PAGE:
(This is a guest blog post and it was originally published at www.cygnus3.com)

Living on a boat

Before we set off from Hull on Cygnus III we were told many times that “We would never actually leave” and “You will be back in a few days." Well now it's five years later and we “did leave” and “did not come back." I will admit that this was mainly because my navigational skills got us lost and we did not know how to get back!
In those five years we have visited numerous countries and many hundreds of ports and anchorages. It is not that we wanted to visit so many places, but without signposts in the sea you have to occasionally go in and find out where you are.

It's a simplistic way of life

Time to live a simpler life

Since leaving, we have had to change our lifestyle quite a bit from the way we lived in a house to a more sedate and simplistic way of doing things. It is not that we are tree huggers or paid up members of Greenpeace. It is just that we didn't have a choice - living on a boat offers a particular lifestyle.

What is the difference between living on a boat and living in a house?

I have written a post previously about how you can practice living on a boat from the discomfort of your own home. So how is actually living aboard a boat that different from being in a house? Let me explain by going through a normal day….

Are we still in the same place?

When living on a boat, the most important thing to do before anything else in the morning is to make sure we are still in the same place. This is quite important to us. I doubt that many people in houses wake up saying “George, the house has moved again.” But if we get our anchoring wrong, we get woken up by a drunken stag party of boat-eating rocks trying to get in.

What’s that floating by?

The first thing most people do after waking up is to go to the bathroom. (Did you know a minute is different depending on what side of the bathroom door you are on?) We still have to go as well but, whereas in a house you push a button and think no more of it, we have to think carefully. If we are in a port or anchorage with people swimming, the last thing they want is a smelly, brown haze emanating from our boat all around them. We have to make sure it goes into a holding tank, so we can lose it out at sea. (A tip here with guests who want to swim when you need to leave, is to throw a few sheets of toilet paper with brown steak sauce in the water when they are not looking. Point it out to them and your guests tend to scramble aboard very quickly).

Jumping in the shower

Taking a shower is a win for us. It may not take long in a house but for us, we just jump off the boat into the sea. There is nothing better. The only thing we have to be careful of is the use of fresh water to shower off afterwards. We carry a limited amount so when our fresh water is getting low we can spend a day or more trying to find somewhere we can fill up.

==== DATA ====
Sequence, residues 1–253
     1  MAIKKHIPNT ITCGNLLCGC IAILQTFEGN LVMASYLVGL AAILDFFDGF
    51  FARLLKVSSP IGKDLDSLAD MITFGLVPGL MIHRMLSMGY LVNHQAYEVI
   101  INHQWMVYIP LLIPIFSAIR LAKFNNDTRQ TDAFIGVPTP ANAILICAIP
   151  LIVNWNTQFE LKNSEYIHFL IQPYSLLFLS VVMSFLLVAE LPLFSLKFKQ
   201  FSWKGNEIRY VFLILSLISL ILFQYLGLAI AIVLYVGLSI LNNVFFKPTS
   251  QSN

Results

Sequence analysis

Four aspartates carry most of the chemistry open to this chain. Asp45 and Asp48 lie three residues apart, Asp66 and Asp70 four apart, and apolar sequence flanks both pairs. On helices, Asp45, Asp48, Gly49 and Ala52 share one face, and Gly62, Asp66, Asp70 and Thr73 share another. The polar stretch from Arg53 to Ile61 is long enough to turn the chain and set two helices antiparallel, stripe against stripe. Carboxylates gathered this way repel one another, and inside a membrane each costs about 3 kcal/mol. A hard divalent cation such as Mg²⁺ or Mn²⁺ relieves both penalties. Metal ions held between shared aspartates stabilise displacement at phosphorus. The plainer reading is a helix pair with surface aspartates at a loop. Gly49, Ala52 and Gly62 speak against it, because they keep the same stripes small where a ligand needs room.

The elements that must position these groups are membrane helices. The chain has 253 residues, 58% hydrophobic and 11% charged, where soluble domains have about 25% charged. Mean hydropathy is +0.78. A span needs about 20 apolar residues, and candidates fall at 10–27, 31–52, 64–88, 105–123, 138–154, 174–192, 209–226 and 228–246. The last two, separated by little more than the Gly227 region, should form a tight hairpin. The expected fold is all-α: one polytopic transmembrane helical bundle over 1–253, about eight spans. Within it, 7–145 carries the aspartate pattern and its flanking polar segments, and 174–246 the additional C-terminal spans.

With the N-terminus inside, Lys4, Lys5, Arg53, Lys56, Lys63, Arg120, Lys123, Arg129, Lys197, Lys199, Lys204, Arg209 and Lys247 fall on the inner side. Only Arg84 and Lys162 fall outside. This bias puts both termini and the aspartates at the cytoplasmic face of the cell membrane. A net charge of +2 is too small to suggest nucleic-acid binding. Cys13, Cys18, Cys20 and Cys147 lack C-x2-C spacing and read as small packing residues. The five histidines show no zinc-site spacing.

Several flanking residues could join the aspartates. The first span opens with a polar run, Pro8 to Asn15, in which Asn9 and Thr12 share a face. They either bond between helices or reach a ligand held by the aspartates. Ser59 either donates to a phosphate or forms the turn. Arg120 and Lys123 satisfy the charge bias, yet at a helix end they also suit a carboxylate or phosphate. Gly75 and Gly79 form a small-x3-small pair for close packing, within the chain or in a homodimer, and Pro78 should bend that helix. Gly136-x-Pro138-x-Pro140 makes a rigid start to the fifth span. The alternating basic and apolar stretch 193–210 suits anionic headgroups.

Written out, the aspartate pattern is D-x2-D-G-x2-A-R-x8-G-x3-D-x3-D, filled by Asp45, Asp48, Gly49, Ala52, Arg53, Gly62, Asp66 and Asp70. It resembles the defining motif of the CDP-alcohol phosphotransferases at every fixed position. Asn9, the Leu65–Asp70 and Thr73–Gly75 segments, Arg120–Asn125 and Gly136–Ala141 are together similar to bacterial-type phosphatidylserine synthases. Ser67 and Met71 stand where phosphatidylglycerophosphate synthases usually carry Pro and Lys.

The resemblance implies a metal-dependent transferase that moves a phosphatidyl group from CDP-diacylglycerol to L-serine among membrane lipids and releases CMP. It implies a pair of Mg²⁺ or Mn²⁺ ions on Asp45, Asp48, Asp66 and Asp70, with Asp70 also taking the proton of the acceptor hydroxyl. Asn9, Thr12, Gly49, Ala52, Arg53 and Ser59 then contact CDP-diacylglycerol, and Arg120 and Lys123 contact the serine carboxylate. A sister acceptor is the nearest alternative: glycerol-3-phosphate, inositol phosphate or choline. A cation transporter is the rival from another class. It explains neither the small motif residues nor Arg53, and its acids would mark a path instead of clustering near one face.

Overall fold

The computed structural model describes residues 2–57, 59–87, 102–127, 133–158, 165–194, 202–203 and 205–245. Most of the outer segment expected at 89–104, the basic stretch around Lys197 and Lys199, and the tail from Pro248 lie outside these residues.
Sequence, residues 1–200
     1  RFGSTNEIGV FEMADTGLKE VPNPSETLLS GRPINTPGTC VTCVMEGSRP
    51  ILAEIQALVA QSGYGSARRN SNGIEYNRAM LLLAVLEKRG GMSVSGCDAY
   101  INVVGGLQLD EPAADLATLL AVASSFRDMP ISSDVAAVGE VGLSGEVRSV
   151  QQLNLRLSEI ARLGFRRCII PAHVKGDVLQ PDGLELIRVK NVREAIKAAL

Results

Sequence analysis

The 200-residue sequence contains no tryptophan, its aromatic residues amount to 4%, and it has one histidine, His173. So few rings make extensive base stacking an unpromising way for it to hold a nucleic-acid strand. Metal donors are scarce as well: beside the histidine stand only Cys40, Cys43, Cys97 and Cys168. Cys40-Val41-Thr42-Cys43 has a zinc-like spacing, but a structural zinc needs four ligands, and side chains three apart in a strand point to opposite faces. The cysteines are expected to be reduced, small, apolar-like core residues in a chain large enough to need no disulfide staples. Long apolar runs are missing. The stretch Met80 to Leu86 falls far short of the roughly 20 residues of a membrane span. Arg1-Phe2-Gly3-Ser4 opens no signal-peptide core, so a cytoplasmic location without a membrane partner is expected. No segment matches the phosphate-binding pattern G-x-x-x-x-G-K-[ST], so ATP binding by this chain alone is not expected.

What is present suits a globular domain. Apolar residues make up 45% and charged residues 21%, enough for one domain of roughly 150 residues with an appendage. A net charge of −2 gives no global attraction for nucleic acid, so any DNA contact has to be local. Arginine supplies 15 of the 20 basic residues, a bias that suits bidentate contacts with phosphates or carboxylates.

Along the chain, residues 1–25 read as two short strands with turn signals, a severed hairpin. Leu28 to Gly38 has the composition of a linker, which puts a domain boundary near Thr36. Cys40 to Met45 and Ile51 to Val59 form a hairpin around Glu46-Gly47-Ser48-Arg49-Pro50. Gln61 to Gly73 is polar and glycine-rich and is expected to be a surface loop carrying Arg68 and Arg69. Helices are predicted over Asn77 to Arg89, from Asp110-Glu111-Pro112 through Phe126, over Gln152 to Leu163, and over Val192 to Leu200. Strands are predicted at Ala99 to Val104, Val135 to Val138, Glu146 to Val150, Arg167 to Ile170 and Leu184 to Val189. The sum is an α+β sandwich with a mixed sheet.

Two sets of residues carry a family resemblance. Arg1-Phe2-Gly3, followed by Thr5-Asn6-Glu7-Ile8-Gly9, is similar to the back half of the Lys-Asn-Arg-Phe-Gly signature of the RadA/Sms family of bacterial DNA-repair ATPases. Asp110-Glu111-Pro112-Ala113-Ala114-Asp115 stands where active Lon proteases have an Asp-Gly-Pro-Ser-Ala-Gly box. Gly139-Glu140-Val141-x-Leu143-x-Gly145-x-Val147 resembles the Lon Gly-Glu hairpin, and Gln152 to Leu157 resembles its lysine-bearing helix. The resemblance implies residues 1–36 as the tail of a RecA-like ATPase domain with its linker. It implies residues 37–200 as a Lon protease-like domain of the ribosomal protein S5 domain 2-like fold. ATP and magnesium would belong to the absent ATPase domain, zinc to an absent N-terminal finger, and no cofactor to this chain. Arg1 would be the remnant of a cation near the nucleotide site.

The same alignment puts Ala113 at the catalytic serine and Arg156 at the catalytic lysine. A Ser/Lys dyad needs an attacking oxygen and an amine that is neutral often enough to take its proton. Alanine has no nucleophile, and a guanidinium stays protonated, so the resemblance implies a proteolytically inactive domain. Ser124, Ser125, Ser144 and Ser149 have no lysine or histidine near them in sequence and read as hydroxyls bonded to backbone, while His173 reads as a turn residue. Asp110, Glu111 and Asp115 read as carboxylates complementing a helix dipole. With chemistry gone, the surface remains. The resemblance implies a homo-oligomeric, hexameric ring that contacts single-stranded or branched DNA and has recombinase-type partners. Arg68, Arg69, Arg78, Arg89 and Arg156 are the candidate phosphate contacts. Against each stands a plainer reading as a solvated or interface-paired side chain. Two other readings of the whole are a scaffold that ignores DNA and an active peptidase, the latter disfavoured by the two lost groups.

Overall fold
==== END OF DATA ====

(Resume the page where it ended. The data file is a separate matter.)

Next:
Shopping is a major exercise

Shopping in Greece with Cygnus III

The next thing you may do in a house is put the kettle on for a hot drink. We can do that provided our gas has not run out but what if you have run out of milk or something for breakfast? Well you jump into the car and go to the shops and get back before the kettle has boiled. For us it is a major expedition that has to be pre-planned.

We are probably anchored in some secluded bay so we have to get the dinghy out and take it ashore finding somewhere safe to leave it. We also have to remember to take all our accumulated rubbish ashore with us as on a boat that soon smells like a sumo wrestler’s nappy. Then there is the walk to find a shop in a strange place and carrying whatever groceries we need back. The episode can take half a day as real men will only make one trip no matter how much they have to carry.

Short on clothes

So for those in a house, you may need to get changed into your work clothes. I will already be in mine, a pair of shorts. We definitely win here.

Johnny Cash is driving us to work

Time to leave for work

Then you have to get to work which may be a 20-mile drive. Just enough time to listen to a Johnny Cash song. On a boat we may decide to sail to another bay. The weather probably will not bother you in a car but we have to check it first to see if we can survive it on our sail. We have to check that everything is put away so some forgotten saucepan or cup will not decapitate us during the sail. Unless you are very late for work, I doubt you will ever get your car over at a 45 degree angle along the way. Your quick 20-mile car journey may take us between 4 and 6 hours, but we've had to listen to every song Johnny Cash ever recorded and have contemplated suicide several times.

On arrival, you put the handbrake on, and unless you are in a crime hotspot, your car will still be there when you get back. When we reach our destination we have to pad around like a cat on a pillow looking for the right spot to anchor. As soon as you apply the handbrake, you are out the car and away. For us we have to check each time the wind and weather changes, that we are still in the same spot and we are not going to swing round and hit our neighbor’s boat.

Washing away the day

Just drying the washing

So now it is early evening and you have arrived home after a grueling day at work. Just one or two more things to do and then you can finally relax. First you may have to do some clothes washing but you can throw it in a machine. We have already done our washing. Those shorts we have been wearing for the last three months get washed each time we swim and ironing means pegging them out in the sun.

Tell me that story again, and again, and again